Differences between the bacterial community structures of first- and multi-year Arctic sea ice in the Lincoln Sea.

Tuesday, 16 December 2014
Ido Hatam, University of Alberta, Edmonton, AB, Canada, Justin F Beckers, University of Alberta, Earth and Atmospheric Sciences, Edmonton, AB, Canada, Christian Haas, York University, Toronto, ON, Canada and Brian D Lanoil, University of Alberta, Biological Sciences, Edmonton, AB, Canada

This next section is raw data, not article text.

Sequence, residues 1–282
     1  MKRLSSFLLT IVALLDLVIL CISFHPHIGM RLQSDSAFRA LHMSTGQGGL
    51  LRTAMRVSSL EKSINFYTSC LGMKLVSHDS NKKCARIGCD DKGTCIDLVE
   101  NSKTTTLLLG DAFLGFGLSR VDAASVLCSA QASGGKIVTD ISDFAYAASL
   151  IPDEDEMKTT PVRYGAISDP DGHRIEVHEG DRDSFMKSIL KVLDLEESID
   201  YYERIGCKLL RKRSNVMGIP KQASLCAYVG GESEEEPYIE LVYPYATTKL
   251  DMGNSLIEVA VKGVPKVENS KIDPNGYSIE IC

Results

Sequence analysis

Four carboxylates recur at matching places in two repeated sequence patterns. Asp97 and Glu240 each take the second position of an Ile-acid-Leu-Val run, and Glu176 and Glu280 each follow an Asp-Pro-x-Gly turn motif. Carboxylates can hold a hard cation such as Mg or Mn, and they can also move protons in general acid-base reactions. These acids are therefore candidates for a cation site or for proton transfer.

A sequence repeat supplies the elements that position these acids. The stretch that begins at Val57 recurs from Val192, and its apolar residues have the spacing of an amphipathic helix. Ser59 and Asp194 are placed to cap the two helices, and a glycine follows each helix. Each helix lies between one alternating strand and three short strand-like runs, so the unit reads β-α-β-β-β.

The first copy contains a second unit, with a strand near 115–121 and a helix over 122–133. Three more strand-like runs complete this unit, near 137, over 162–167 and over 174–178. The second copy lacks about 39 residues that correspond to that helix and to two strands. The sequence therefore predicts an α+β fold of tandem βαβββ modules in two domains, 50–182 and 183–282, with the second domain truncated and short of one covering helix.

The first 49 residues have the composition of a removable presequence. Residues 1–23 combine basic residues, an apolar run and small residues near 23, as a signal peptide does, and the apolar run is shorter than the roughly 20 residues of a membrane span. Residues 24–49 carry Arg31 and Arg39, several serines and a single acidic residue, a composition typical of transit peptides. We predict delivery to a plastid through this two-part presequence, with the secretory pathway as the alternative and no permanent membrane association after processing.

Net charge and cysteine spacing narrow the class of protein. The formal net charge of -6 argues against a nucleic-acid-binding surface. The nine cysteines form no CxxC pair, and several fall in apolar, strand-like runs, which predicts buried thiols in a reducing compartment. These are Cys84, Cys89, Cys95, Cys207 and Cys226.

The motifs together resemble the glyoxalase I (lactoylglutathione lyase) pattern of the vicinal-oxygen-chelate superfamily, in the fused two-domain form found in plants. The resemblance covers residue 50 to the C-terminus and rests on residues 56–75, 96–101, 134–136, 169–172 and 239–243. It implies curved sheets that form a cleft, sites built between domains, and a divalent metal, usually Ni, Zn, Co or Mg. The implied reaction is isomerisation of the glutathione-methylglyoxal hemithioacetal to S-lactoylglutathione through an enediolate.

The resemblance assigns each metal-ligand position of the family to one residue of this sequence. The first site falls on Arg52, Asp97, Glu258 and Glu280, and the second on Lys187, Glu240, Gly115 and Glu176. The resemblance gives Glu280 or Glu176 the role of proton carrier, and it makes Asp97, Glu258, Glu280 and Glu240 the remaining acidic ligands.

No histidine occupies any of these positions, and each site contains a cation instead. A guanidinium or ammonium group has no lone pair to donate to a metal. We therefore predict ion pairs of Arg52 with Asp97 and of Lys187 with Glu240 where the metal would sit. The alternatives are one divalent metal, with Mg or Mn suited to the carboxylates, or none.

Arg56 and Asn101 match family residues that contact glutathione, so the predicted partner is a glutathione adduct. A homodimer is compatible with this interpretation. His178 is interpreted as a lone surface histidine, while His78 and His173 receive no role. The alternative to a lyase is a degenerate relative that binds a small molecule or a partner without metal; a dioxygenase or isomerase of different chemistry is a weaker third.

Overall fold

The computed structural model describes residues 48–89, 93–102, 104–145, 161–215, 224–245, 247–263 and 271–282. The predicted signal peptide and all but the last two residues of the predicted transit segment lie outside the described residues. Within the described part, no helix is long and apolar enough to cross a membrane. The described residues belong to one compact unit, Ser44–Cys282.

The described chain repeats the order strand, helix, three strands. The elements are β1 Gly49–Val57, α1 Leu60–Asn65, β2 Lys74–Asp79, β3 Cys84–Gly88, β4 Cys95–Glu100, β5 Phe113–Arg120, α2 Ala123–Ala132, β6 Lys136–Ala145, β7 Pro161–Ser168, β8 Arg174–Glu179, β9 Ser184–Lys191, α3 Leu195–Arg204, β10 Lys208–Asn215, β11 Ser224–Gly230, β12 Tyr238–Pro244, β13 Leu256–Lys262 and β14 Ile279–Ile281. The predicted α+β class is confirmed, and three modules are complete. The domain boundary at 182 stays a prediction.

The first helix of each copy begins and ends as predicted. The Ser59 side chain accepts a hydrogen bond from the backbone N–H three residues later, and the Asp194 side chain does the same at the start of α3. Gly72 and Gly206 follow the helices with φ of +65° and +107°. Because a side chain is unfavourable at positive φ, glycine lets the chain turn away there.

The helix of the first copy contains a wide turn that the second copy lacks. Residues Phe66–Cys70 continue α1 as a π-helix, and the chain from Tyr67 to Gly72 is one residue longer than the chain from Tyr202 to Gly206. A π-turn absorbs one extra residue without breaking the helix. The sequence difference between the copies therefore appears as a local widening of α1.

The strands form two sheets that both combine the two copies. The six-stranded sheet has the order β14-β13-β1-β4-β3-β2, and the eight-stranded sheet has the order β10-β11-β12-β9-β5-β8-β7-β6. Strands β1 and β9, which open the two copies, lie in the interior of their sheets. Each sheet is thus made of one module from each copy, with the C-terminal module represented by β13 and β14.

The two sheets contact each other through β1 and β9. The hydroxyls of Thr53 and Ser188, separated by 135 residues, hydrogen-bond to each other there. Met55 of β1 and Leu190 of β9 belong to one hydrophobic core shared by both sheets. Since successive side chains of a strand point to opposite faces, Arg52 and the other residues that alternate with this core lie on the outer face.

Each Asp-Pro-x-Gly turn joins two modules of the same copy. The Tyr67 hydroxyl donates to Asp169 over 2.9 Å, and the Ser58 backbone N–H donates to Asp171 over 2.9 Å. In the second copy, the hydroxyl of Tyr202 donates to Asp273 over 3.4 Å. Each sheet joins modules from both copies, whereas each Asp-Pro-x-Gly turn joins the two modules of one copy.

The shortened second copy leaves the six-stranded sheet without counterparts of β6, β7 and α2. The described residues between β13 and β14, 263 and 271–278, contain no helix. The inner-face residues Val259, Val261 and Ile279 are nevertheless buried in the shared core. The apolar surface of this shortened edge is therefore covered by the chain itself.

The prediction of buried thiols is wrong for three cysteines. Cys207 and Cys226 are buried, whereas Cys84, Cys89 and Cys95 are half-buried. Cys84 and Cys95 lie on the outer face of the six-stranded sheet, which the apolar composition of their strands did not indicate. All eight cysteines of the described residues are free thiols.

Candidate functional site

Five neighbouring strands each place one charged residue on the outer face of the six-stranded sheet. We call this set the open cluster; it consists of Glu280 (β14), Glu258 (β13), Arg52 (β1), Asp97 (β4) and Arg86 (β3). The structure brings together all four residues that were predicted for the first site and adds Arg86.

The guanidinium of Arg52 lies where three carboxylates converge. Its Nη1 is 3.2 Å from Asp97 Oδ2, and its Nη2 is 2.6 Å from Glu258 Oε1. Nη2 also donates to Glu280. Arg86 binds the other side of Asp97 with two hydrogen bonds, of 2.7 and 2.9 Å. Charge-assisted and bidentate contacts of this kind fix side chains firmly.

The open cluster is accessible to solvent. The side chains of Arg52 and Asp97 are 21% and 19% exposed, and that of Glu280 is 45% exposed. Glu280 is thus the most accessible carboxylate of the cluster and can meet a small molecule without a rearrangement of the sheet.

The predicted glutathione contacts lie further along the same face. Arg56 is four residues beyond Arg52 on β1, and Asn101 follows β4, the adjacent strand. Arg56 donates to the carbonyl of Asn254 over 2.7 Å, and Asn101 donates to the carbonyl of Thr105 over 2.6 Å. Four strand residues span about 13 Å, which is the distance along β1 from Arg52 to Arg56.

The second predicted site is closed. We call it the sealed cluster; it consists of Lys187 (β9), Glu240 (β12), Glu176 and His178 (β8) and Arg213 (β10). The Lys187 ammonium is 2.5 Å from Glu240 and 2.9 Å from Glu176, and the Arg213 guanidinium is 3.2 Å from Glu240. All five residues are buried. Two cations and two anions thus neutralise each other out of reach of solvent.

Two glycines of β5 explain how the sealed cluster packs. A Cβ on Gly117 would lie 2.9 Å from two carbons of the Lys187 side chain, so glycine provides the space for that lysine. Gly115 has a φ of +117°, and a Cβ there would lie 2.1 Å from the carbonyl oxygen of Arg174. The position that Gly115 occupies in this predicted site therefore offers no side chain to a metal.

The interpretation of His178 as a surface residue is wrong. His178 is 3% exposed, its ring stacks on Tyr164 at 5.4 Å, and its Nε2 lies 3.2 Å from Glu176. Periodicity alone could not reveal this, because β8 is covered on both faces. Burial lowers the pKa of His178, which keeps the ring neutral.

The Arctic sea ice composition is shifting from predominantly thick perennial ice (multiyear ice –MYI) to thinner, seasonal ice (first year ice –FYI). The effects of the shift on the Arctic ecosystem and macro-organisms of the Arctic Ocean have been the focus of many studies and have also been extensively debated in the public domain. The effect of this shift on the microbial constituents of the Arctic sea ice has been grossly understudied, although it is a vast habitat for a microbial community that plays a key role in the biogeochemical cycles and energy flux of the Arctic Ocean. MYI and FYI differ in many chemical and physical attributes (e.g. bulk salinity, brine volume, thickness and age), therefore comparing and contrasting the structure and composition of microbial communities from both ice types will be crucial to our understanding of the challenges that the Arctic Ocean ecosystem faces as MYI cover continues to decline. Here, we contend that due to the differences in abiotic conditions, differences in bacterial community structure will be greater between samples from different ice types than within samples from the same ice type. We also argue that since FYI is younger, its community structure will be closer to that of the surface sea water (SW). To test this hypotheses, we extracted DNA and used high throughput sequencing to sequence V1-V3 regions of the bacterial 16s rRNA gene from 10 sea ice samples (5 for each ice type) and 4 surface sea water (SW) collected off the shore of Northern Ellesmere Island, NU, CAN, during the month of May from 2010-2012. Our results showed that observed richness was higher in FYI than MYI. FYI and MYI shared 26% and 36% of their observed richness respectively. While FYI shared 23% of its observed richness with SW, MYI only shared 17%. Both ice types showed similar levels of endemism (61% of the observed richness). This high level of endemism results in the grouping of microbial communities from MYI, FYI, and SW to three distinct groups when looking at membership (jclass dissimilarity index, tested by AMOVA). However, when looking at composition (θYC dissimilarity index) while communities from MYI and SW samples still clustered as two distinct groups, communities from FYI samples show no significant clustering (tested by AMOVA).